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Survey: Children With Different Needs Overlooked

Chapel Hill-Carrboro Board of Education members listened to survey results detailing services for those with learning disabilities.

By Kathleen Wirth

Assistant City Editor

Despite the recognition given to Chapel Hill-Carrboro City Schools, the results of an educational survey have sparked some concern that the system could be overlooking special-needs students.

At Thursday night's Chapel Hill-Carrboro Board of Education meeting, school officials presented the Exceptional Education Resource Services Survey.

The Office of Testing and Program Evaluation along with the Office of Exceptional Education collaborated during the summer to survey parents and staff concerning resources and related services offered to exceptional students in the district.

"Exceptional" denotes learning disabilities such as attention deficit disorder, hyperactivity, autism and dyslexia.

But several board members pointed to training regular education teachers on how to implement Individual Education Programs for children with disabilities as a major concern.

IEPs are specifically tailored programs to address the learning needs of exceptional students.

Of the nearly 340 staff members who responded to the survey, 60 percent said regular teachers are not adequately trained to teach several children with different needs in one classroom. "The teachers need to understand why these students need the interaction we're asking them to do," said school board member Gloria Faley. "It's not just about training but about changing one's heart, mind and perception -- it's a sensitivity issue."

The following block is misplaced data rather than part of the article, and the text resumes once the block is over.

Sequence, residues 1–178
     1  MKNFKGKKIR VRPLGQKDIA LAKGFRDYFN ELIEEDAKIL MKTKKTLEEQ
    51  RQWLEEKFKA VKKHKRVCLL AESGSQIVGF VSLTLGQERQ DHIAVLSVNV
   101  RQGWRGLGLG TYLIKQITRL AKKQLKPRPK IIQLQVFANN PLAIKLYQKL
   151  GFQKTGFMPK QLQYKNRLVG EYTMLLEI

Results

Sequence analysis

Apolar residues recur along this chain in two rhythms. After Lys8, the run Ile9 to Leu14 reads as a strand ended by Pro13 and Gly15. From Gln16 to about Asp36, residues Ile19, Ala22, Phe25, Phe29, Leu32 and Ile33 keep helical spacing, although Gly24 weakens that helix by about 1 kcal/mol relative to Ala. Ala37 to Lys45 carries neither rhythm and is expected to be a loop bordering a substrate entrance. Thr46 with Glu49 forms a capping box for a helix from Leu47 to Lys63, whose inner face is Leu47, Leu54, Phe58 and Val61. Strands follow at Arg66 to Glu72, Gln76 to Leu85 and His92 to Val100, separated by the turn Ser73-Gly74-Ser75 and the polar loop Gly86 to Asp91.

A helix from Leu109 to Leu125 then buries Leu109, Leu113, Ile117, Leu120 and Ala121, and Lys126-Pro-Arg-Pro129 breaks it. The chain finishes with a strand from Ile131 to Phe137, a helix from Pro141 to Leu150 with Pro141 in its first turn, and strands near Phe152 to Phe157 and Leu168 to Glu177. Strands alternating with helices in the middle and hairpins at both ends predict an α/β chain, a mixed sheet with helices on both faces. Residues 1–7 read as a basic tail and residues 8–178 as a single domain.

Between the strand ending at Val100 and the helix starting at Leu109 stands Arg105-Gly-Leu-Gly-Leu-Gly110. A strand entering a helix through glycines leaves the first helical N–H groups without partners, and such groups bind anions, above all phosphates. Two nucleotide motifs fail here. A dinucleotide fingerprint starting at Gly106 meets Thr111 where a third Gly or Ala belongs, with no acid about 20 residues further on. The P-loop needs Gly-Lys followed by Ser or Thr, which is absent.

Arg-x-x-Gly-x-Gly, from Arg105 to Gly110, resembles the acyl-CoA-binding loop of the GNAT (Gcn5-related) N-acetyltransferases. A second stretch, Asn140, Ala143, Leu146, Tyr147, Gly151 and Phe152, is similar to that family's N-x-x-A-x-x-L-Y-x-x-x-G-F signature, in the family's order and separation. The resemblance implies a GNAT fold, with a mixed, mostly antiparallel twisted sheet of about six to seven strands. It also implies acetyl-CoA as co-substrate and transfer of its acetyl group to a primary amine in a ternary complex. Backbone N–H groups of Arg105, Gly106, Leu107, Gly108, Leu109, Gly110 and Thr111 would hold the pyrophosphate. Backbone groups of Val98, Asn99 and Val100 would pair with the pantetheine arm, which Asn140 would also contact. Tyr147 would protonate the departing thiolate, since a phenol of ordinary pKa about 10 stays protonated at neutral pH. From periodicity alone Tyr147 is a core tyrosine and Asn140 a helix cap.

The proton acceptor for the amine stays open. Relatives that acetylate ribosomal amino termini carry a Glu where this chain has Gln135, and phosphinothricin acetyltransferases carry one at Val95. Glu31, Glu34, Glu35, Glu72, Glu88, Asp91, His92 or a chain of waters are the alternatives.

But Margaret Blackwell, executive director for Exceptional Education and Special Services, said she does not want added training to become a burden for already overworked teachers. "There needs to be a good marriage between staff," Blackwell said. "We don't want to just put it out and have it be one more thing (for teachers)."

The Individuals with Disabilities Education Act, passed in 1975, requires public schools to offer all eligible children with disabilities a free, appropriate public education in the least restrictive environment to meet their individual needs -- all resulting in a student's IEP.

Each student's IEP must be developed by a team consisting of the student's teacher, parents and an exceptional education representative who is qualified in the field of special education. A child's IEP also must be reviewed annually by this team.

But school board member Maryanne Rosenman said she has encountered problems dealing directly with the members of this team. "The real problem is with collaboration between regular and resource teachers simply because teachers are so overworked," Rosenman said. "I've had personal experience with pullout programs. In all of my experience, having three kids, I've never had a regular teacher show up for an IEP meeting."

School board Chairman Nick Didow said the survey results must be given serious thought in order to improve the district's overall quality of education.

"This is a very good school system for most students most of the time," Didow said.

"It will only be great (when) we can be good for all students all of the time."

The City Editor can be reached


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